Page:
, Volume 15, Issue 8, pp 1271–1282

Grass Invasions Across a Regional Gradient are Associated with Declines in Belowground Carbon Pools


  • Timothy D. Kramer
    • School of Forestry and Environmental StudiesYale University
  • Robert J. WarrenII
    • School of Forestry and Environmental StudiesYale University
  • Yaya Tang
    • School of Forestry and Environmental StudiesYale University
    • School of Forestry and Environmental StudiesYale University

DOI: 10.1007/s10021-012-9583-6

Cite this article as:
Kramer, T.D., Warren, R.J., Tang, Y. et al. Ecosystems (2012) 15: 1271. doi:10.1007/s10021-012-9583-6


The composition of plant communities everywhere now likely comprises alien as well as native species, and those aliens that become invasive have wide-ranging impacts on the structure and function of recipient ecosystems. These impacts include perturbations to soil carbon (C) cycling, but the direction and magnitude of impacts are species and climate dependent, making it difficult to generalize whether a specific invader will promote losses or gains in soil C stocks. Generalizations of a specific invader’s impacts are necessary; however, because the range of an invader can encompass thousands of square kilometers, meaning their effects can have broad, regional consequences. To quantify broad-scale and context-dependent impacts of a specific invader, multi-site investigations that capture and measure local and regional environmental heterogeneity are necessary. Using this approach, we show that a widespread grass invader of forest understories is associated with declines in soil C during infilling (spreading within the invaded range). Across the 36 study sites, total soil C stocks declined (P = 0.113) by approximately 12% (estimated mean ± SD, uninvaded: 2,429 ± 512.9 vs. invaded: 2,140 ± 520.7 g C m−2). The decline in total soil C is driven by a significant (P = 0.047) reduction in the native-derived, mineral-associated soil C fraction. This fraction, whose mass and slow turnover makes it an important C store, is approximately 15% lower in invaded (estimated mean ± SD: 1,560 ± 400.4 g C m−2) than uninvaded plots (1,826 ± 398.1 g C m−2). Notably, declines in this C fraction are only apparent at 21 of the sites, reflecting how environmental heterogeneity in other variables (specifically pH, soil moisture, and clay content) are important to quantify to determine invader impacts across a region. The 26% decline in microbial biomass with invasion (P = 0.011; estimated mean ± SD, uninvaded: 10.05 ± 1.79 vs. invaded: 7.40 ± 1.80 g C m−2) is also dependent on site characteristics (pH), and reductions are greater where the invader occurs at higher densities. Reductions in microbial biomass and soil C with invasion suggest that grass invasion will alter soil C cycling and decrease forest-C stores across the study region, although invader effects at a specific-site will be dependent on environmental context.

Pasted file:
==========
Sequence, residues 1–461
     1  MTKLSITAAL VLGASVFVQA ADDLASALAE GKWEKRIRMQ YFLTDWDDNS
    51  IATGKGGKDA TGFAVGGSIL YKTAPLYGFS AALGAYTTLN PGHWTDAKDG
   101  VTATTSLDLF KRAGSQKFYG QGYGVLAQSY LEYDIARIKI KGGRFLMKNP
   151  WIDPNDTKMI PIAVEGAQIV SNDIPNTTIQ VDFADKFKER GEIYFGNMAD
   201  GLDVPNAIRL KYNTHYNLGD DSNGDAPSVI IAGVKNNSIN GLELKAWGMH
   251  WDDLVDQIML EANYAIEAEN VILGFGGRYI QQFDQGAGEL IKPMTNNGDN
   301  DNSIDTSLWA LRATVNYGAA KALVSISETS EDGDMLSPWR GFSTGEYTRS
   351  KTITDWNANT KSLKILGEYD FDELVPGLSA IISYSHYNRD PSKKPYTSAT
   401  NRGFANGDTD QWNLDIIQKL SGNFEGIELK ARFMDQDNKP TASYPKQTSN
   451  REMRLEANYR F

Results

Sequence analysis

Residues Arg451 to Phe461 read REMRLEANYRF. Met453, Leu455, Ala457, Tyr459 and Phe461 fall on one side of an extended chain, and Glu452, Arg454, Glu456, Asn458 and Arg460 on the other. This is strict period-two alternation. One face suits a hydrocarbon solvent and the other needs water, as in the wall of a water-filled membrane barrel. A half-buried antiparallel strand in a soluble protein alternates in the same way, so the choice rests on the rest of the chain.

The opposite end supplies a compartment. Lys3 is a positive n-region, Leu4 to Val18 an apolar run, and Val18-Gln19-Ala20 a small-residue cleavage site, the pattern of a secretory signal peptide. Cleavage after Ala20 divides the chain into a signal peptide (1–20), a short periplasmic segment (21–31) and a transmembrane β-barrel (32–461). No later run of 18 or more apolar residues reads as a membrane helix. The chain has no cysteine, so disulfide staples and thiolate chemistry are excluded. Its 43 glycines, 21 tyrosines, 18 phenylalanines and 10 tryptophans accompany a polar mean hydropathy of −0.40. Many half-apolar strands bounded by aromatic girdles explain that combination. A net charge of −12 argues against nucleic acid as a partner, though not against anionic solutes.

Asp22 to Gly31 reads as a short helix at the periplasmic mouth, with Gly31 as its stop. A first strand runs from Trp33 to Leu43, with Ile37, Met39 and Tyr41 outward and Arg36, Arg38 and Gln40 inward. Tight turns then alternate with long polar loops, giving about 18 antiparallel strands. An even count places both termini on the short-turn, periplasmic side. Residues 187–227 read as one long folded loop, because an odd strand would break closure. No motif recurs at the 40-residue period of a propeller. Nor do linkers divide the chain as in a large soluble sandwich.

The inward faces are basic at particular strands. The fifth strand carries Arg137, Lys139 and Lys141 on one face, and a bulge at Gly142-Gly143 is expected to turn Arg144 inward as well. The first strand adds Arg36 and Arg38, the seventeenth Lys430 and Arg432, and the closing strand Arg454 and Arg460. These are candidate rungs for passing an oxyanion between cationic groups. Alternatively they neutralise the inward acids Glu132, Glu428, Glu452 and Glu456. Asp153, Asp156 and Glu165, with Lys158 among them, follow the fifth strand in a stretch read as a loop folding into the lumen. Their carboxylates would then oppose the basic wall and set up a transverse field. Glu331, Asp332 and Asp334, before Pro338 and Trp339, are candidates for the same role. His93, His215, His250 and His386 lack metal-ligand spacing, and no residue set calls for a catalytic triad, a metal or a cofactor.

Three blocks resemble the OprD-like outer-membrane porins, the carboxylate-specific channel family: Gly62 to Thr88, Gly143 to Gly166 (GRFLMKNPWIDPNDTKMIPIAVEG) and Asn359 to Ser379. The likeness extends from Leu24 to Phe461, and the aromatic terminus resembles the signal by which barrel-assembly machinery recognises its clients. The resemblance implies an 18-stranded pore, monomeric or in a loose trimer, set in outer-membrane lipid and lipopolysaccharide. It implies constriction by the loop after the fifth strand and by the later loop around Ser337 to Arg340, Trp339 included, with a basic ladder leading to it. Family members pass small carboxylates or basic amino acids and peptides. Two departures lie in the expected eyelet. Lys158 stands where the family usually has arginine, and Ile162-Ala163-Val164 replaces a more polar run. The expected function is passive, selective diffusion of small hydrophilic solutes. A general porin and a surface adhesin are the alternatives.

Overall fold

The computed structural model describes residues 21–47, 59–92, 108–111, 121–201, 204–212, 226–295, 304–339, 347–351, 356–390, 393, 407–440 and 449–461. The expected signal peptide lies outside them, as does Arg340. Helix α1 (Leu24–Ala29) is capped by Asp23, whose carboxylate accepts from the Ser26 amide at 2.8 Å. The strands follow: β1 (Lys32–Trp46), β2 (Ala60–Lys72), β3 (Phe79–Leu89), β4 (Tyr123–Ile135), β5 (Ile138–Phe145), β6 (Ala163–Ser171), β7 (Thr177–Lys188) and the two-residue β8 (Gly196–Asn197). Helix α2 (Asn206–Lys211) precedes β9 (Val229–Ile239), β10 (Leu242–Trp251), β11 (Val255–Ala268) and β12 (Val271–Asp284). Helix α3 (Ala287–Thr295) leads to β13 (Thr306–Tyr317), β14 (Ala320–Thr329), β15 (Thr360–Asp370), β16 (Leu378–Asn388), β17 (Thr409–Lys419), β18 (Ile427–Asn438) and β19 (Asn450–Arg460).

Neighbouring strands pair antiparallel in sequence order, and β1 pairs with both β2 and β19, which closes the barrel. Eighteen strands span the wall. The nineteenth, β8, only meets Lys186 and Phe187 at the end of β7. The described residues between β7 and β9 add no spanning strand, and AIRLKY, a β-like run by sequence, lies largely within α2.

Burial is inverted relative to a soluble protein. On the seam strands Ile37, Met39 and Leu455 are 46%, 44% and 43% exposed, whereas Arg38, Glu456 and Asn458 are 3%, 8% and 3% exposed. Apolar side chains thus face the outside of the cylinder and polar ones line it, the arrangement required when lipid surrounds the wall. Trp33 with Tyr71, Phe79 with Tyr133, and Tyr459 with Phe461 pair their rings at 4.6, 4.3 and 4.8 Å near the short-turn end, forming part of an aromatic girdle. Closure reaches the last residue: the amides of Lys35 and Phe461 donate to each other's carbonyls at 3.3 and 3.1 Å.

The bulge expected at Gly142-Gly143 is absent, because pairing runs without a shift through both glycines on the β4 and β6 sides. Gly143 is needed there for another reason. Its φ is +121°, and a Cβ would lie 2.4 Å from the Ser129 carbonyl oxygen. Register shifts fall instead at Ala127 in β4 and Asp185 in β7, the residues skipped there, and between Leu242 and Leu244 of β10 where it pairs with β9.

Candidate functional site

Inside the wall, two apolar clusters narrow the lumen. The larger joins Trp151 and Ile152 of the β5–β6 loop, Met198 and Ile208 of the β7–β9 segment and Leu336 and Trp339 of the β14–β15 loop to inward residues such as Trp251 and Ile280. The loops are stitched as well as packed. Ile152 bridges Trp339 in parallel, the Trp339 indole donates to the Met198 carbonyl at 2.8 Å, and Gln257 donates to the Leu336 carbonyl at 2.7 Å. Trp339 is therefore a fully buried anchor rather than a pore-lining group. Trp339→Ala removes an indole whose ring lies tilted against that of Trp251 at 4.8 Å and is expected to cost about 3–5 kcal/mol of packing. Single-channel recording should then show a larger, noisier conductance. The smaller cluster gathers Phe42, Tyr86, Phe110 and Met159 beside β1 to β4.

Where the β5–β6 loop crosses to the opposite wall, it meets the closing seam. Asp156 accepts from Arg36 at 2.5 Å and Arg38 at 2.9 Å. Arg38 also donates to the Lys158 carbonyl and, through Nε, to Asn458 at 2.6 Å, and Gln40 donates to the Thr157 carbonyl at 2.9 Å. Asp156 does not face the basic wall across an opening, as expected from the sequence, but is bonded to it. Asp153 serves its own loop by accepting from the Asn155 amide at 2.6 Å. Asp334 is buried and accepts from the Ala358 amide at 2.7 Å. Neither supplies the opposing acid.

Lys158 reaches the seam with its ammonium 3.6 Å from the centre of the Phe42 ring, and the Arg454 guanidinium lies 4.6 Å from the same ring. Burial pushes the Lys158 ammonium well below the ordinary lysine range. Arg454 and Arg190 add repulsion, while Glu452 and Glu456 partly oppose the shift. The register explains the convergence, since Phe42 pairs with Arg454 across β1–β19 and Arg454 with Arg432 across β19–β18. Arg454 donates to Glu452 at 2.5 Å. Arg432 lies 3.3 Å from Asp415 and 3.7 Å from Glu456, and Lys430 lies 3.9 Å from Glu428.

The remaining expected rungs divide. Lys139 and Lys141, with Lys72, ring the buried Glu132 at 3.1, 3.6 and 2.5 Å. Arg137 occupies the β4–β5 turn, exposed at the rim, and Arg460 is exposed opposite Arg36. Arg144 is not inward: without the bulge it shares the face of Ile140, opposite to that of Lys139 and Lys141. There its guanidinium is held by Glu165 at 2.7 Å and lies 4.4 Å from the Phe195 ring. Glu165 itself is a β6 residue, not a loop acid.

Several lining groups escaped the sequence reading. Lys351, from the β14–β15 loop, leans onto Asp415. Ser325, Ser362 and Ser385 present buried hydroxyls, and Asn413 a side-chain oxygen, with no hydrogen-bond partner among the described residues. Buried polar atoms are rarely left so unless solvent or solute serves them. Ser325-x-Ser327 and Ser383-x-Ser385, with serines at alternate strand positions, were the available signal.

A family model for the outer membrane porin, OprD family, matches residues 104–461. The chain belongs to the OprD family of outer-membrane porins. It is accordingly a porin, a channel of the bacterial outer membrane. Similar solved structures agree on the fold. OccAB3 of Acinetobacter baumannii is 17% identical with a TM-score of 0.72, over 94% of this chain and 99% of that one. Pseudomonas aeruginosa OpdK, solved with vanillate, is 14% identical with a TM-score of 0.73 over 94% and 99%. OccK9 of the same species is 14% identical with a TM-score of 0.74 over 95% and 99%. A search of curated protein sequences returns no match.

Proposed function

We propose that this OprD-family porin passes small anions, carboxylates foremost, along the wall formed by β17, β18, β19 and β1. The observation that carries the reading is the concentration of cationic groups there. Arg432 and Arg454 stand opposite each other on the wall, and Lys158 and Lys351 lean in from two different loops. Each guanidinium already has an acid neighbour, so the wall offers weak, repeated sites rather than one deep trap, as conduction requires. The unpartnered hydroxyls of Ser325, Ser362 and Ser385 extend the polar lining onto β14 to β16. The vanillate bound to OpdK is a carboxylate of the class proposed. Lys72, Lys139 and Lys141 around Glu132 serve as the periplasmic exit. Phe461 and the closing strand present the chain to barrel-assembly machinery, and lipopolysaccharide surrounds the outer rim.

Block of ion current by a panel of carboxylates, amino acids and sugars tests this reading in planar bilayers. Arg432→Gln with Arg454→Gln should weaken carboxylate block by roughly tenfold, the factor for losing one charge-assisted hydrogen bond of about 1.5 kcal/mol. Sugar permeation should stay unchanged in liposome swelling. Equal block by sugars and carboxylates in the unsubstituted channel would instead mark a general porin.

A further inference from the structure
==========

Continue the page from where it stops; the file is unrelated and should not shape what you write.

soil organic mattersoil carbon storagecarbon cyclingmicrobial biomassexotic speciesalien speciesMicrostegium vimineumlinear mixed modelsenvironmental heterogeneitycontext dependency

Supplementary material

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Copyright information

© Springer Science+Business Media, LLC 2012